Longer-term outcome of perventricular device closure of muscular ventricular septal defects in children

Sok Leng Kang, Andrew Tometzki, Massimo Caputo, Gareth Morgan, Andrew Parry, Robin Martin

Research output: Contribution to journalArticle (Academic Journal)peer-review

28 Citations (Scopus)


OBJECTIVE: To describe the longer-term clinical experience and follow-up with perventricular device closure of ventricular septal defects (VSD) in children.

METHODS: Between January 2005 and December 2013, muscular ventricular septal defect closure with the Amplatzer Muscular VSD Occluder was undertaken using a hybrid perventricular approach. Data including demographic, echocardiographic parameter, and clinical outcome were reviewed retrospectively.

RESULTS: Median age at the time of procedure was 8.9 months (range 1.9-31.0 months) and median weight was 6.6 kg (range 4.5-12.9 kg). All had a moderate to large muscular VSD, three had more than one VSD, four had previous coarctation repair, and five had previous pulmonary artery (PA) banding. A single Amplatzer muscular occluder (range 8-18 mm) was deployed in each patient without cardiopulmonary bypass under echocardiographic guidance. Two of ten patients subsequently required a short period of cardiopulmonary bypass for reconstruction of PA after de-banding and closure of atrial septal defect in one. Occluder removal was necessary in one patient due to entrapment of the tricuspid valve and progressive tricuspid regurgitation. This patient underwent surgical repair with a good result and no device-related valve damage. In the remaining nine patients, no severe complications such as device embolization, arrhythmia, or significant valve regurgitation were noted in the post-operative period or follow-up. At a median time of 6.5 years (range 0.9-8.4 years) post device implantation, complete closure was achieved in five patients and four had small residual leaks, which were not hemodynamically significant.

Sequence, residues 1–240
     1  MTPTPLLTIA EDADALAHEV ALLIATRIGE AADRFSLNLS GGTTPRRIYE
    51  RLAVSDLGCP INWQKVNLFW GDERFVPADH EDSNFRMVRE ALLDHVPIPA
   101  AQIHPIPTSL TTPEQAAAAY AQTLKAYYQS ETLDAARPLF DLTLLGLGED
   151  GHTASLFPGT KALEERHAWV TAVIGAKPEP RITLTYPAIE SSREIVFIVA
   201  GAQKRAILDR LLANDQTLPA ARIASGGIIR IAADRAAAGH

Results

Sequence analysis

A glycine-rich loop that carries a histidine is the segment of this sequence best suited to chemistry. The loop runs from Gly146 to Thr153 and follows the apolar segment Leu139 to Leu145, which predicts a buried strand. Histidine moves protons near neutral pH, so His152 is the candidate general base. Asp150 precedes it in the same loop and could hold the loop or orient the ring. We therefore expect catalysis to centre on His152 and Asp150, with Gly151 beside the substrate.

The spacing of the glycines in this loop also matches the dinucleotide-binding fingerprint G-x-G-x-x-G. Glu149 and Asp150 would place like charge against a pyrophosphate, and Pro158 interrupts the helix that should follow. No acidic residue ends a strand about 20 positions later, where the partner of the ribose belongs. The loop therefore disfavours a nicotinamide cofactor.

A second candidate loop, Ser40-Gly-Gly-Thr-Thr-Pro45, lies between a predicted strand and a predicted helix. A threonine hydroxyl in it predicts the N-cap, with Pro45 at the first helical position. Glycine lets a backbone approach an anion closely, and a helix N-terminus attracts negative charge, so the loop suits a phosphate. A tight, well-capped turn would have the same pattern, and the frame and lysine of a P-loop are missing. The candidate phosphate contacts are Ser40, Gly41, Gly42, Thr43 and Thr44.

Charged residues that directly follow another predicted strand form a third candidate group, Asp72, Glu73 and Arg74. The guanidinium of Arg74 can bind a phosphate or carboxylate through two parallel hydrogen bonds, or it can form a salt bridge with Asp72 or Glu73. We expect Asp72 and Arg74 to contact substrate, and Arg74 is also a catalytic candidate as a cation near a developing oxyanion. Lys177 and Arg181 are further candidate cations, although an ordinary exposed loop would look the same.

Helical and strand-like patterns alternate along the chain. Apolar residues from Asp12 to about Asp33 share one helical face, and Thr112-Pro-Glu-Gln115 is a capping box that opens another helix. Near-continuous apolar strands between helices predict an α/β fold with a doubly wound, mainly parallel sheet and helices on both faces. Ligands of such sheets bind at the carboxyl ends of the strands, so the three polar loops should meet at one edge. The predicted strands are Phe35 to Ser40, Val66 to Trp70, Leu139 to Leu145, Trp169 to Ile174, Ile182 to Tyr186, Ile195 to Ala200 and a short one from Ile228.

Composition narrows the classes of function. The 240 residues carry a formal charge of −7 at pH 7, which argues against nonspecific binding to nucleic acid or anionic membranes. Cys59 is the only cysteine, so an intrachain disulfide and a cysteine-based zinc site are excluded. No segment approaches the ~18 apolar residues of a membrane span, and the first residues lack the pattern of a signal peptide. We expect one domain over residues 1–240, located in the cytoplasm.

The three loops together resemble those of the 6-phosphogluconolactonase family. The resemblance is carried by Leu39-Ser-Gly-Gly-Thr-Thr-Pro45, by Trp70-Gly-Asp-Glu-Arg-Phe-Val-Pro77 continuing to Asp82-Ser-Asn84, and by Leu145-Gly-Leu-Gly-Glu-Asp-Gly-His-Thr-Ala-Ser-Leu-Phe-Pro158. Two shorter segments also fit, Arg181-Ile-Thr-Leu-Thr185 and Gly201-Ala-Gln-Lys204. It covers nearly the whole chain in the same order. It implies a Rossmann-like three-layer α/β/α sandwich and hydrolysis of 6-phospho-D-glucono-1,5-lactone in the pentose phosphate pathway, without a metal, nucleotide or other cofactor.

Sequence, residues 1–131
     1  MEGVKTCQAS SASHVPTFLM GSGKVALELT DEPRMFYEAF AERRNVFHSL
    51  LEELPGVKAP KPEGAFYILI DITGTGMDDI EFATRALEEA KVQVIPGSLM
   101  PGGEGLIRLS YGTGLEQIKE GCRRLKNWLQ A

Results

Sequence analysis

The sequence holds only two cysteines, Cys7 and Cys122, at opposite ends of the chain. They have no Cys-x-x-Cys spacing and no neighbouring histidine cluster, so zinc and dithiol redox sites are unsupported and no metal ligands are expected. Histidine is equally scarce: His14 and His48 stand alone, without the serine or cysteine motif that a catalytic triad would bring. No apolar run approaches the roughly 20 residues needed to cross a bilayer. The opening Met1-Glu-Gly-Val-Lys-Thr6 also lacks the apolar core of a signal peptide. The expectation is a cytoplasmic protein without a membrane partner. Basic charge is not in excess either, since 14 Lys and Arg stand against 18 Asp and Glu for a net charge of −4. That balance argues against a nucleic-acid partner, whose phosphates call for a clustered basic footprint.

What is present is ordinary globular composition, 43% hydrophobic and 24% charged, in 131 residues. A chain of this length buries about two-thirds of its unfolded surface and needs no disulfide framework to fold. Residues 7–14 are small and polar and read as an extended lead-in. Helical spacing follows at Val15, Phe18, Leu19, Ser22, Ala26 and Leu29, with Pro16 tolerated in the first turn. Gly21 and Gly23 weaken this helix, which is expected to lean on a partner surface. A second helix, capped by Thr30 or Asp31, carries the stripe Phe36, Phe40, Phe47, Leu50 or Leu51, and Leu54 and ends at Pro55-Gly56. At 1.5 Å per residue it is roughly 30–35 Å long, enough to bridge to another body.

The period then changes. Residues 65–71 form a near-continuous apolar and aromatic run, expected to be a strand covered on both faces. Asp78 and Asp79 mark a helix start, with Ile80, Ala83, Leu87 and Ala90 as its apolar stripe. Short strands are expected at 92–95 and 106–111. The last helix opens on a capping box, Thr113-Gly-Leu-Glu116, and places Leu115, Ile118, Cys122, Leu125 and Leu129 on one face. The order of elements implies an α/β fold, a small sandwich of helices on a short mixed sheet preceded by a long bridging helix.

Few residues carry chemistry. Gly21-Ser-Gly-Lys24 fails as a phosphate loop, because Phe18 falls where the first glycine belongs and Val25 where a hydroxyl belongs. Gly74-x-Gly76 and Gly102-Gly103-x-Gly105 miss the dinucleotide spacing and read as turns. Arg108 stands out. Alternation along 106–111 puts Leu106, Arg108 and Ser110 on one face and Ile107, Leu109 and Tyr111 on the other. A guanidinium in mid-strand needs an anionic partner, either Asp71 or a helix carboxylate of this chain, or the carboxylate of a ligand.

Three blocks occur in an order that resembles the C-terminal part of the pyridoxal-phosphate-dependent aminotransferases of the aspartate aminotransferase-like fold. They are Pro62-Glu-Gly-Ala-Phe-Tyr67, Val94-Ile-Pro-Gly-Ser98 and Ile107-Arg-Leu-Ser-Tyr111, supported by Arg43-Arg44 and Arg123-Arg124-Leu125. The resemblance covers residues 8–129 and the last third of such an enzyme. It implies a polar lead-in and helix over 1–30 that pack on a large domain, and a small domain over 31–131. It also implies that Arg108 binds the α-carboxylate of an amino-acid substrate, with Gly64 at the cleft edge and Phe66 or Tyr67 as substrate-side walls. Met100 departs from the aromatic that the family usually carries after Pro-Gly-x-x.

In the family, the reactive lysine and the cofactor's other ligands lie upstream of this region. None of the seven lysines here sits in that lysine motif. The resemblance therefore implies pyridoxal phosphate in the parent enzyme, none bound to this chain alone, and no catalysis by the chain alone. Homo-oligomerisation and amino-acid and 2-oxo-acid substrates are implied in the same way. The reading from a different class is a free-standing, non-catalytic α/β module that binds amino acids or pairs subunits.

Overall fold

CONCLUSION: Perventricular muscular VSD closure is effective in small children with suitable muscular defects and may avoid the morbidity associated with cardiopulmonary bypass and conventional surgical repair. There have been no late complications with this approach.

Original languageEnglish
Pages (from-to)998-1005
Number of pages8
JournalCatheterization and Cardiovascular Interventions
Issue number6
Publication statusPublished - May 2015


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